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Bush: Military action against Syria ‘last option’

President Bush said military action was a last resort in dealing with Syria and he hoped Damascus would cooperate with a probe into the killing of former Lebanese premier Rafik al-Hariri.
/ Source: Reuters

President Bush said military action was a last resort in dealing with Syria and he hoped Damascus would cooperate with a probe into the killing of former Lebanese premier Rafik al-Hariri.

“A military (option) is always the last choice of a president,” he told Al Arabiya television in an interview aired on Tuesday when asked about a U.N. investigation that implicated Syrian officials in the killing of Hariri.

“I am hoping that they will cooperate. It (military action) is the last -- very last option,” he said. “But on the other hand, you know -- and I’ve worked hard for diplomacy and will continue to work the diplomatic angle on this issue.”

Reuters obtained a transcript of the Bush interview, conducted in Washington on Monday, from Dubai-based Al Arabiya.

Set of demands
Bush said Syria had to meet a set of demands from the international community, including expelling Palestinian militant groups, preventing insurgents from crossing its borders into Iraq to fight U.S. forces, and ending Syrian interference in Lebanon.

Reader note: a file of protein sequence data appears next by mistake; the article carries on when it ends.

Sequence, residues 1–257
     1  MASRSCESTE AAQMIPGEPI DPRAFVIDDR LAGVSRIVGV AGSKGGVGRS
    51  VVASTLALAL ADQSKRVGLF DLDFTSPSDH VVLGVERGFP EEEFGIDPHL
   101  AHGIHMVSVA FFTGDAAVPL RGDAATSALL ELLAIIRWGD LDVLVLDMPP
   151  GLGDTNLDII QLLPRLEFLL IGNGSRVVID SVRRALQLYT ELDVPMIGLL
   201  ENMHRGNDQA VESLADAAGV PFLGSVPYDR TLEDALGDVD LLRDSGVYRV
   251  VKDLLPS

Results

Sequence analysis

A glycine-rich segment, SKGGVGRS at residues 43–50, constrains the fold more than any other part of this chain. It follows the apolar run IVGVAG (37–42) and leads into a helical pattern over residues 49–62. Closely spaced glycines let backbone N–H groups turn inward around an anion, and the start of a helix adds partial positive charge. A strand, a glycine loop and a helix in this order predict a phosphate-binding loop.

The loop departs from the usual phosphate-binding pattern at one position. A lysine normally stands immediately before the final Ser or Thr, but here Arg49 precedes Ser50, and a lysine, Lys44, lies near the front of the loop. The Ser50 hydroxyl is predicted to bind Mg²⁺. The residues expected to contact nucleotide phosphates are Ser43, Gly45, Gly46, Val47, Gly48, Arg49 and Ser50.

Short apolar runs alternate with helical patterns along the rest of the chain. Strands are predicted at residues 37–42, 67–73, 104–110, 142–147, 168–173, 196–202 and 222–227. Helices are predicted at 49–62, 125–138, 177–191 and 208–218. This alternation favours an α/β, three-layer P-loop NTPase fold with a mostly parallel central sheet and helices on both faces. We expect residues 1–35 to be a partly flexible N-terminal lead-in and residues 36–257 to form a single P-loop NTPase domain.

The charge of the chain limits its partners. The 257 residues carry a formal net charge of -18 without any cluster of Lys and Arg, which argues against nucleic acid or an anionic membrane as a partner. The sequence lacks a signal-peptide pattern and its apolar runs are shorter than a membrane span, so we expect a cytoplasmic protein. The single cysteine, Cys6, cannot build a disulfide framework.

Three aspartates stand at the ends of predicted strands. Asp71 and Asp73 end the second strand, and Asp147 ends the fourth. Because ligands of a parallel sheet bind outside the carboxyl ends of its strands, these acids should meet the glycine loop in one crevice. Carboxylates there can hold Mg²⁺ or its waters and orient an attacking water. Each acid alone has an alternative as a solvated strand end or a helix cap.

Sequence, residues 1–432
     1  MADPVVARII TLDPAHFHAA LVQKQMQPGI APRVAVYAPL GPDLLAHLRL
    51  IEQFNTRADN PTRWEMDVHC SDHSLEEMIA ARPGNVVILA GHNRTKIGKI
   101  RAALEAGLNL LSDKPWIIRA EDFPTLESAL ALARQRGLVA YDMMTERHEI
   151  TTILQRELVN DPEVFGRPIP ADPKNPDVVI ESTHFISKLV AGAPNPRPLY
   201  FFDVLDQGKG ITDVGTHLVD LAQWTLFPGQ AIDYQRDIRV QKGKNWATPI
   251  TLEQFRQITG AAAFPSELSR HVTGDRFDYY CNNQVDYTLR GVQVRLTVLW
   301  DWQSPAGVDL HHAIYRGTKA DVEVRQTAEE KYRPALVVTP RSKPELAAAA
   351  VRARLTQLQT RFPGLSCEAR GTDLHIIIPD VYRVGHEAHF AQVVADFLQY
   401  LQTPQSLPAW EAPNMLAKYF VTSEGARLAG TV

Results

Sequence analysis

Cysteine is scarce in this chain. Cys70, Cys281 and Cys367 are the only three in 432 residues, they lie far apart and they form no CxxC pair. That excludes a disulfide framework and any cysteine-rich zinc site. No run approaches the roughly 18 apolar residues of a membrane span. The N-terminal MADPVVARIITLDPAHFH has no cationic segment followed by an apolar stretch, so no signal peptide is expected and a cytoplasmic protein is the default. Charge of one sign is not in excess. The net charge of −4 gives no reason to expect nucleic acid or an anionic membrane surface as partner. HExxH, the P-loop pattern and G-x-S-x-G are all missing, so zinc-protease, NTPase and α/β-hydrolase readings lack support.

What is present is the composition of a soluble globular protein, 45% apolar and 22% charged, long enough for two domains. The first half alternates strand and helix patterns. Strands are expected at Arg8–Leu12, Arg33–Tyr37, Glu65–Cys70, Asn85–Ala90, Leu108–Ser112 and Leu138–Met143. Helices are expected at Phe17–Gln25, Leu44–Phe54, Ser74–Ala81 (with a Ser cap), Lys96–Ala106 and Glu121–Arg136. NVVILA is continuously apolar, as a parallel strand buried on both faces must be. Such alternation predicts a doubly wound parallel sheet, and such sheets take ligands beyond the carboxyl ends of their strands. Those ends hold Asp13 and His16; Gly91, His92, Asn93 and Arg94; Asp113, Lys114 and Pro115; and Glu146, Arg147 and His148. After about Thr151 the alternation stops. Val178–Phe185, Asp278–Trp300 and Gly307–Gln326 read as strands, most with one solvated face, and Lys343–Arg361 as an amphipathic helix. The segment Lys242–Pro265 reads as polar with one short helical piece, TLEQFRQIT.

“Nobody wants there to be a confrontation. On the other hand, there must be serious pressure applied,” he said.

“In other words, there are some clear demands by the world. And this (U.N.) report, as I say, had serious implications for Syria, and the Syrian government must take the demands of the free world very seriously.”

Hariri and 20 others were killed on Feb. 14 by a bomb in Beirut. The U.N. report by German investigator Detlev Mehlis said the decision to kill Hariri “could not have been taken without the approval of top-ranked Syrian security officials” colluding with counterparts in Lebanon.

Syria has vigorously denied the accusations.

Mehlis is due to brief the U.N. Security Council about the results of his probe on Tuesday.

U.N. resolution on Syria?
Diplomats said the United States and France were working on a resolution demanding Syria cooperate with the investigation but may not seek to impose sanctions immediately.

Bush would not be pinned down on what action Washington would take if Syria does not comply.

“I certainly hope that people take a good look at the Mehlis report ... there’s clear implications about Syrians involvement in the death of a foreign leader,” he said.

“The United States was willing to help, work with other countries, and we will, to make sure that out of the United Nations comes a clear message,” Bush said.

Asked if the United States would support a call by Hariri’s son Saad for an international court to try his father’s killers, Bush said the decision lay with the United Nations.

“Well, we want people to be held to account.  And I’d be glad to talk to other leaders to determine whether or not that’s the best course of action. But certainly, people do need to be held to account. And the first course of action is to go the United Nations,” he added.